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Old 02-07-2015, 09:19 AM   #1
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Testing AGM Batteries

I have 2 banks of AGM batteries in my power catamaran. Each bank is separately located in each pontoon and has 2 AGM batteries. Port side is having a hard time starting the port diesel engine. If I use the combiner switch, the port engine seems to start easier.

Question: How do you know when an AGM battery is nearing its end? How do you test the cranking power?
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Old 02-07-2015, 09:39 AM   #2
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I also have a bank of AGM batteries that I want to test. Mine are around 6 years old. How long should they last?
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Old 02-07-2015, 09:59 AM   #3
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Originally Posted by UK Lele Girl View Post
I have 2 banks of AGM batteries in my power catamaran. Each bank is separately located in each pontoon and has 2 AGM batteries. Port side is having a hard time starting the port diesel engine. If I use the combiner switch, the port engine seems to start easier.

Question: How do you know when an AGM battery is nearing its end? How do you test the cranking power?
First step would be to check if the port side batteries are in fact being charged. Also, could be loose wires somewhere. Check the easy things first.
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Old 02-07-2015, 11:32 AM   #4
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There are two different questions asked here: how to test starting batteries and how to test house batteries.

Starting is easy. Put a voltmeter across the battery terminals and crank the engine. If the voltage drops below 11 volts while cranking then they are weak.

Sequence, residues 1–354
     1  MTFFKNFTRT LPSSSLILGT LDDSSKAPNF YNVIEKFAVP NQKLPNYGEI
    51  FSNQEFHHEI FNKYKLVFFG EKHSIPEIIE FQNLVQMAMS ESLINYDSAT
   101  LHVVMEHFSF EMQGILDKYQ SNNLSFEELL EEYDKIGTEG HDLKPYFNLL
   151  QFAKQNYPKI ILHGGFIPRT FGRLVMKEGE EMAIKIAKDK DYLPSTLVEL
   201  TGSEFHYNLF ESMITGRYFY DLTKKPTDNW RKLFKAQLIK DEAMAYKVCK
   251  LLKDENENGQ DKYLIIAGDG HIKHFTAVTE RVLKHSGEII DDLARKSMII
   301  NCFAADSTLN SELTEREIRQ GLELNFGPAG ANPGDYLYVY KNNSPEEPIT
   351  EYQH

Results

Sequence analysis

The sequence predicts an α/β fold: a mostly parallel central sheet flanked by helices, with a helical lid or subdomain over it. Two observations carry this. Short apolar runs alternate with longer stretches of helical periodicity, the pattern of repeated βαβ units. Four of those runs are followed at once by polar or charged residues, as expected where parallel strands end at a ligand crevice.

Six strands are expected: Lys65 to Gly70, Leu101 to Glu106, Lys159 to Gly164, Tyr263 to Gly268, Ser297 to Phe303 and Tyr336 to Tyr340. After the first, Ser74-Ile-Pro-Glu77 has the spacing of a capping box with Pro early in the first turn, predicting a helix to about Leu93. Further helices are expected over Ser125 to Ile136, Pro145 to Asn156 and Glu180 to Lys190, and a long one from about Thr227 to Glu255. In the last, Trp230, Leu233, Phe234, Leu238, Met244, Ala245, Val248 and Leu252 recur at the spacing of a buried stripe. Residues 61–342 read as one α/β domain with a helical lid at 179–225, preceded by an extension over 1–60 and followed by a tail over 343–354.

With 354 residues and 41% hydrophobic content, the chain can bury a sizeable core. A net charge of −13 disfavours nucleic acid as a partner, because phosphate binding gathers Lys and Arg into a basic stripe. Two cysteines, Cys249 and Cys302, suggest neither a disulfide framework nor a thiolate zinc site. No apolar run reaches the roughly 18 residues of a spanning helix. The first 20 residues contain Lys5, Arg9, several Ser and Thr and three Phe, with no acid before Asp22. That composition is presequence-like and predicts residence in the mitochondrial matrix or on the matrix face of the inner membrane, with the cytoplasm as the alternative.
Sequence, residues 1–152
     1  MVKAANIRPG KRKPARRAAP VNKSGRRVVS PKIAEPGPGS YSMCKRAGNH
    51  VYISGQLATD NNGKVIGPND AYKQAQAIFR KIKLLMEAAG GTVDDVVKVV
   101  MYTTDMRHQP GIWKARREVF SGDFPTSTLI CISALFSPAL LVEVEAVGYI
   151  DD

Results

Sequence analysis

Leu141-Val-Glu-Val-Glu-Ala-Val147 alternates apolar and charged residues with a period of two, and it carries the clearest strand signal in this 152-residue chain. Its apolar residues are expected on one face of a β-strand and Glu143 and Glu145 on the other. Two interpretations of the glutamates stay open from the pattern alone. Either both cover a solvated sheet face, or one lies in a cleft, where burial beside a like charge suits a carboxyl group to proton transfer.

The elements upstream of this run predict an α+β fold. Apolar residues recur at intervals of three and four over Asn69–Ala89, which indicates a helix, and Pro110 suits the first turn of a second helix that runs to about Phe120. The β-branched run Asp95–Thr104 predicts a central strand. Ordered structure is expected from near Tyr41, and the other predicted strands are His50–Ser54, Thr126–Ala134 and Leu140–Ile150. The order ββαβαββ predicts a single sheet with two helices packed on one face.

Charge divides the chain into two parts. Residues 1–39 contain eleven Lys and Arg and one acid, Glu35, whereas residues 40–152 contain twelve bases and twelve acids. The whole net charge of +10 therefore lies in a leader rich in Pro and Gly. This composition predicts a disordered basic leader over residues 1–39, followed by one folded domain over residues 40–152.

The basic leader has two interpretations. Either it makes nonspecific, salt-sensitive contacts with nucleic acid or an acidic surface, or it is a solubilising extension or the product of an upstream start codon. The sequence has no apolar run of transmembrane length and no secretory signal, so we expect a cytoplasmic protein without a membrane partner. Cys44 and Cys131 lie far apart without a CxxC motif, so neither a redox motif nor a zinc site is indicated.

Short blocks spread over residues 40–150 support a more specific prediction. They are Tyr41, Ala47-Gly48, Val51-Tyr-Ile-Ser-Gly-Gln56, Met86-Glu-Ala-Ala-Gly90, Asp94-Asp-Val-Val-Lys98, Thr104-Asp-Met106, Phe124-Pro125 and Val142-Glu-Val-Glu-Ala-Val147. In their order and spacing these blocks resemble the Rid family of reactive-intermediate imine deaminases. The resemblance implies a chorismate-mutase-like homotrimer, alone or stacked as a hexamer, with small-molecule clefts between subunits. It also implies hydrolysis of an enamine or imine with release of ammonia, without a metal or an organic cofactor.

Testing house batteries is a little more involved. Take your house battery capacity in amp hours and divide by 20. This is the amperage load that is used in the standard test for amp hours. Turn on enough inside lights, spot light, inverter with a 120V load connected, etc to draw that many amps. Start the test late in the day and then check it 12 hours later. If the lights are still bright then keep going. The batteries should peter out to below 10.5 volts after 20 hours if they have the rated amp hours in them. Any less time to reach 10.5 V like 12 hours means they have less capacity. If it is 12 then the actual capacity is 12/20 of rated and similarly for other times.

I typically get 3/4 capacity after a year and it stays that way until something happens like a shorted cell which kills the battery.

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Old 02-07-2015, 12:46 PM   #5
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I would get a Midtronics MDX-640 battery tester.
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Old 02-07-2015, 12:50 PM   #6
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I also have a bank of AGM batteries that I want to test. Mine are around 6 years old. How long should they last?

Depends on how they've been treated. Maybe depends on which brand you've got too; dunno.

FWIW, our oldest starting/house bank of 3x Group 31 AGMs (Odyssey) has been through 9 seasons. Not saying that's average, though.

And even though that bank still seems fine... of course I'll be paying close attention to how well they still hold charge come this Spring.

-Chris
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Old 02-07-2015, 03:36 PM   #7
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When my 4D Lifelines were 8 years old I had them load tested with an old fashioned load tester...the one that looks like a cheese grater with a couple of jumper cables attached. They were still good to go. Sold the boat two years later and they were still good. About two years after that the purchaser indicated that he needed new batteries.
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Old 02-07-2015, 05:16 PM   #8
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Do a resting voltage check. Charge the batteries, let sit overnight with no load on them.Use a digital meter at the terminals and read the voltage. The "Gel" scale on this meter is close to the AGM numbers. The reading you get will indicate the % of charge they are retaining. 50% or lower, they're due to be replace..

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Old 02-07-2015, 06:48 PM   #9
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Testing AGM Batteries

Great info everyone. Thanks
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